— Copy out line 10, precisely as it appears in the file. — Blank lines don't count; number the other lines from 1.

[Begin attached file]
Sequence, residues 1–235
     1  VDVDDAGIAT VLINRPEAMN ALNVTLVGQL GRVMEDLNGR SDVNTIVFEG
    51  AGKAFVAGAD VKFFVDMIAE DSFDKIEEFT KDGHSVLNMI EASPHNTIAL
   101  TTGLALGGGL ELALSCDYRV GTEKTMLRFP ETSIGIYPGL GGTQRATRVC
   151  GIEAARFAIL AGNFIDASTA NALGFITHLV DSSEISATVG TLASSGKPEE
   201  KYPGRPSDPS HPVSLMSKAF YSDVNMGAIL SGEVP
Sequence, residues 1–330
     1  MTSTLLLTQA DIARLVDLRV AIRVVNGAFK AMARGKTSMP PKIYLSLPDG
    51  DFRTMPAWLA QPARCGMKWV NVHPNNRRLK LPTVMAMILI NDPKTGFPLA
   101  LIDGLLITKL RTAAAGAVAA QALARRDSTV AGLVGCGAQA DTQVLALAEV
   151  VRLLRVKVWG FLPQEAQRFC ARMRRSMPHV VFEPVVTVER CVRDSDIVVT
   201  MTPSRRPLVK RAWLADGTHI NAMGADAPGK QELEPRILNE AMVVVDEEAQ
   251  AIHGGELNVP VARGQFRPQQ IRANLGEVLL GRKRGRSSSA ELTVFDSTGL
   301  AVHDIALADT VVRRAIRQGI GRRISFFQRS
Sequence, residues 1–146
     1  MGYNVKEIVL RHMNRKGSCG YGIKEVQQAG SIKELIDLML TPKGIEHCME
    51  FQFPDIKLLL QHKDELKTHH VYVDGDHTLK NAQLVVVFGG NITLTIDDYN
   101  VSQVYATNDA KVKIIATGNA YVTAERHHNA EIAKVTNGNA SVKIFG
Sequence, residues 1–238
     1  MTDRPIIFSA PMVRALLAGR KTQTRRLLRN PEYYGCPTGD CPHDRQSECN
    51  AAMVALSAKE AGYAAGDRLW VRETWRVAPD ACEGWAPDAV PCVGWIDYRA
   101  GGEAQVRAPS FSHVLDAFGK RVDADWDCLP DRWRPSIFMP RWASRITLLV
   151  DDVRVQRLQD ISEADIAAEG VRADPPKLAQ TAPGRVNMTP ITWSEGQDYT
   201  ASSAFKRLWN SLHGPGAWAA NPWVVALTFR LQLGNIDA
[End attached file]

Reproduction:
   101  LIDGLLITKL RTAAAGAVAA QALARRDSTV AGLVGCGAQA DTQVLALAEV